The Least Vaccinated Groups in America

Republicans, white evangelical Christians and people living in rural areas are among the demographic groups most likely to say they will "definitely not" get the COVID vaccine, a survey has found.

The latest study from the Kaiser Family Foundation's COVID Vaccine Monitor reported that uninsured people under the age of 65 were the most reluctant to get the vaccine, with just 54 percent of those surveyed saying they had had at least one dose. In this group, 18 percent said they would "definitely not" and 11 percent said they would only have the shot if required to do so.

Nearly a quarter of Republicans (23 percent) also said they definitely would not be vaccinated, with 8 percent saying they would do so if required by their employer. The study found that 58 percent of Republicans have had at least one shot overall.

One in five (20 percent) of white evangelical Christians and rural residents also answered "definitely not" when asked if they would be taking the vaccine now that it has been approved by the Food and Drug Administration.

The survey also found that 66 percent of adults aged between 30-49 have already had at least one shot, with 12 percent saying they definitely would not be getting one. Adults without a college degree came next on the list, with 67 percent having had at least one shot and 14 percent saying they would not.

Fifteen percent of men said they would not be getting the vaccine, compared to 10 percent of women.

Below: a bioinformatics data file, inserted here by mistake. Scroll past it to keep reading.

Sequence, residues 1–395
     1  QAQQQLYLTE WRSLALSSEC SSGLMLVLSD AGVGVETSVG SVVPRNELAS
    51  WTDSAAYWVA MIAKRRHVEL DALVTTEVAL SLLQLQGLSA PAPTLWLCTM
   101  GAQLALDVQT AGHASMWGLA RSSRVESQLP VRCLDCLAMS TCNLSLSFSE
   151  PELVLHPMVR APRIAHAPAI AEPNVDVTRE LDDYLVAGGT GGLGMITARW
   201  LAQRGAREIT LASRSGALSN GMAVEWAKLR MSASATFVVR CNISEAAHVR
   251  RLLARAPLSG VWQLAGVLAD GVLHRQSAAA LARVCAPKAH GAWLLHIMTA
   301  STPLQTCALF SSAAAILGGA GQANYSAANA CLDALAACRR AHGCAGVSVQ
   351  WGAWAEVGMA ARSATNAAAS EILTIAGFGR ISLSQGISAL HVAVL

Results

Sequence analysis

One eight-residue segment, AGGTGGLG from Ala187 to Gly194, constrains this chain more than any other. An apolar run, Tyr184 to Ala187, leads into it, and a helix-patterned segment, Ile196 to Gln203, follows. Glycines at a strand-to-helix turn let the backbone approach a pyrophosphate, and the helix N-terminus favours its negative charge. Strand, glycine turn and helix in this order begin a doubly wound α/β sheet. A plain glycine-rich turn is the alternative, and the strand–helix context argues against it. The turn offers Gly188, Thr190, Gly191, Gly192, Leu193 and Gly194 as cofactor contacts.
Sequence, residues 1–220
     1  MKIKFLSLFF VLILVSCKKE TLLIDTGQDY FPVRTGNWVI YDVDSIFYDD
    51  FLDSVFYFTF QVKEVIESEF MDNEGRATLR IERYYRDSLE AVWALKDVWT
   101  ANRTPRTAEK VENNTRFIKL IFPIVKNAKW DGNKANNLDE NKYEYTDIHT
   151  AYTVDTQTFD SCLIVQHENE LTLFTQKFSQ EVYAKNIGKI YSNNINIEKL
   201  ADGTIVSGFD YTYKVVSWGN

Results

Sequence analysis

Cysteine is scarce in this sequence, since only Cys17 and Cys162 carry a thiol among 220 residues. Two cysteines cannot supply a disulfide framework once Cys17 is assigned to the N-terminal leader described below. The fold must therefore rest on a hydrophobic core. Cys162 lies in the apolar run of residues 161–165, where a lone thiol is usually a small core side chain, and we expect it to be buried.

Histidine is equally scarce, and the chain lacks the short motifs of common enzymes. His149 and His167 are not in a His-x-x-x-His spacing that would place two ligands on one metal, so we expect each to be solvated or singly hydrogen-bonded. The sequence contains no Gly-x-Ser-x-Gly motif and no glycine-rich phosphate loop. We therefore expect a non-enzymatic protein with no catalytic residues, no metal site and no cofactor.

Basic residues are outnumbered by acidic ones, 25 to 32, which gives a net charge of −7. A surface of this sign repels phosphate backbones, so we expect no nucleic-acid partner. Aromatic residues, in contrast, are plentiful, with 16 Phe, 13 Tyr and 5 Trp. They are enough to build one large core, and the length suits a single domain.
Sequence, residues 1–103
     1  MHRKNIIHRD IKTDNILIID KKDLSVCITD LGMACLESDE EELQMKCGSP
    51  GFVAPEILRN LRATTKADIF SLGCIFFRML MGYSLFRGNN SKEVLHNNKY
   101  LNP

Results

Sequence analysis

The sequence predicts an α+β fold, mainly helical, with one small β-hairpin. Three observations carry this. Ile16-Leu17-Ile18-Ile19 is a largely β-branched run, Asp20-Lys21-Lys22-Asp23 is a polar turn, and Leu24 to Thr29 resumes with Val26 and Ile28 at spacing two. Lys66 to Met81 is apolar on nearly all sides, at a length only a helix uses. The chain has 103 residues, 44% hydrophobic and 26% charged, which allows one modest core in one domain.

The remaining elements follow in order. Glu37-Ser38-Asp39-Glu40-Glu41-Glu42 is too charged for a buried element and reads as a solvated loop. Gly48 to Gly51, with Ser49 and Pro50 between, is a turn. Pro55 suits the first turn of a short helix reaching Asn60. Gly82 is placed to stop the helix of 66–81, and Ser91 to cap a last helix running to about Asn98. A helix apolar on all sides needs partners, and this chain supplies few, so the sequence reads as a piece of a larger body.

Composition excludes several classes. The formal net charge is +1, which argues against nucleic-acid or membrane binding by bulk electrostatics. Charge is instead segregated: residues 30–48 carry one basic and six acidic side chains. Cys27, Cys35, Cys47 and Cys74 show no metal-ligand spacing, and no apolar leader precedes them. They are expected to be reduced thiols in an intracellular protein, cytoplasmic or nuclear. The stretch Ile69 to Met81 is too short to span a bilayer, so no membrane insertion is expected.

KFF COVID-19 Vaccine Monitor
KFF COVID-19 Vaccine Monitor

The poll found that Democrats were the group with the highest vaccination rate, with 90 percent saying they had already received at least one dose.

Those aged 65 and older (85 percent), college graduates (82 percent), people with incomes of more than $90,000 (79 percent), and urban residents (77 percent) rounded out the top five for the groups with the highest vaccine uptake.

The survey reported that Hispanic adults are the demographic with the largest increase in vaccination rates since the last poll in July, after recording a rise of 12 percentage points. Next came people aged 18-29, with an increase of 11 percentage points.

The poll also found that the racial gap in vaccination rates is closing. The survey states that 71 percent of white adults, 70 percent of Black adults and 73 percent of Hispanic adults have now received at least one shot.

The same survey in May found that 56 percent of Black adults and 57 percent of Hispanic adults had received at least one dose, compared to 65 percent of white adults.

"KFF's analysis of state data on vaccination rates by race and ethnicity suggests that, when looking at people of all ages (including children who are not yet eligible to be vaccinated), White people continue to be vaccinated at higher rates than either Black or Hispanic people, although those gaps have narrowed over time," said the Kaiser Family Foundation.

When asked their reasons for getting vaccinated, more than one-third of respondents (39 percent) pointed to the increase in cases due to the Delta variant. Another 38 percent said reports of local hospitals filling with COVID-19 patients had helped them to decide.

A total of 35 percent said knowing someone who got seriously ill or died from COVID was their main reason.

The survey was conducted by phone between September 13 and 22 and consisted of 1,519 adults.

covid vaccination poll
A woman receives a COVID-19 vaccination at the Research Centers of America in Hollywood, Florida, on August 13, 2020. CHANDAN KHANNA/AFP/Getty Images